Under the current system, the board has broad authority for Capitol security and the police force and consists of the sergeants-at-arms of the House and the Senate, who are chosen by the leader of each chamber, and the architect of the Capitol, the Senate-confirmed official responsible for buildings and other facilities on the grounds. The chief of the Capitol Police, who must be approved by the board, is a nonvoting member.

At House and Senate hearings in recent days, lawmakers have been struck by the fact that two days before the attack, members of the board dismissed the Capitol Police request for troops to be on hand on Jan. 6. They acted with no vote, little discussion or consultation with other authorities, and no involvement by the architect of the Capitol. Then on the day of the riot, board members struggled to connect and agree to declare an emergency so that troops who were standing by to assist could be summoned to the Capitol.

“If the police chief feels he doesn’t have the authority to even call in the National Guard in the middle of an insurrection and has to call two people in the middle of doing their jobs guarding members, we have a problem,” said Senator Amy Klobuchar, Democrat of Minnesota and chairwoman of the Rules Committee, which is investigating the assault with the Homeland Security and Governmental Affairs Committee. “You need a different structure, or you at least need a very clear line of authority that allows the police chief to make these decisions.”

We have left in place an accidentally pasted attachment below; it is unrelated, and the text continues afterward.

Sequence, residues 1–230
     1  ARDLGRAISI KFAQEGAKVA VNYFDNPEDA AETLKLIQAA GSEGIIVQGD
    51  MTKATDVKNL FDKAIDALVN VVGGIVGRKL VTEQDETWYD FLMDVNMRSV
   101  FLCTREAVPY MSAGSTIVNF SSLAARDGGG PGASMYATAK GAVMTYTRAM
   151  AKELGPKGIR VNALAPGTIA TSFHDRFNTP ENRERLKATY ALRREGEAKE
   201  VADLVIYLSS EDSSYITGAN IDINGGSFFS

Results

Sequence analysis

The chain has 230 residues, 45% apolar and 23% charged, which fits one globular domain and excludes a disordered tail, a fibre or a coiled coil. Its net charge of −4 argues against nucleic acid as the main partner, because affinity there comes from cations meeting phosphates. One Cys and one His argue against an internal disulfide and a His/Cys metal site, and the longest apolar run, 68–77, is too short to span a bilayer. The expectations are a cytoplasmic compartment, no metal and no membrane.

On Thursday, the lack of coordination was apparent once again. In her letter to congressional leaders, Chief Pittman said the board had yet to sign off on her request to keep the National Guard presence, instead sending her a “white paper” that instructed her to secure the Capitol with the minimum possible number of troops and begin dismantling fencing around the complex. She added that she could not tell if the directives from the board were “mandates or recommendations and if it represents the opinions of the entire board.”

She later announced that she had been granted permission to formally request that the troops remain.

The Capitol Police force was formed in 1828 and the board was created in 1867, when supervision of the police was shifted from the commissioner of public buildings to the sergeants-at-arms of the two chambers. The board’s role has remained fairly consistent since, with the Senate and House officials granted wide responsibility for overseeing the police, the Capitol grounds and the safety of lawmakers.

With Congress exempt from most public disclosure requirements, the board has operated mainly behind closed doors, slow to respond even to requests from the congressional committees that control security spending.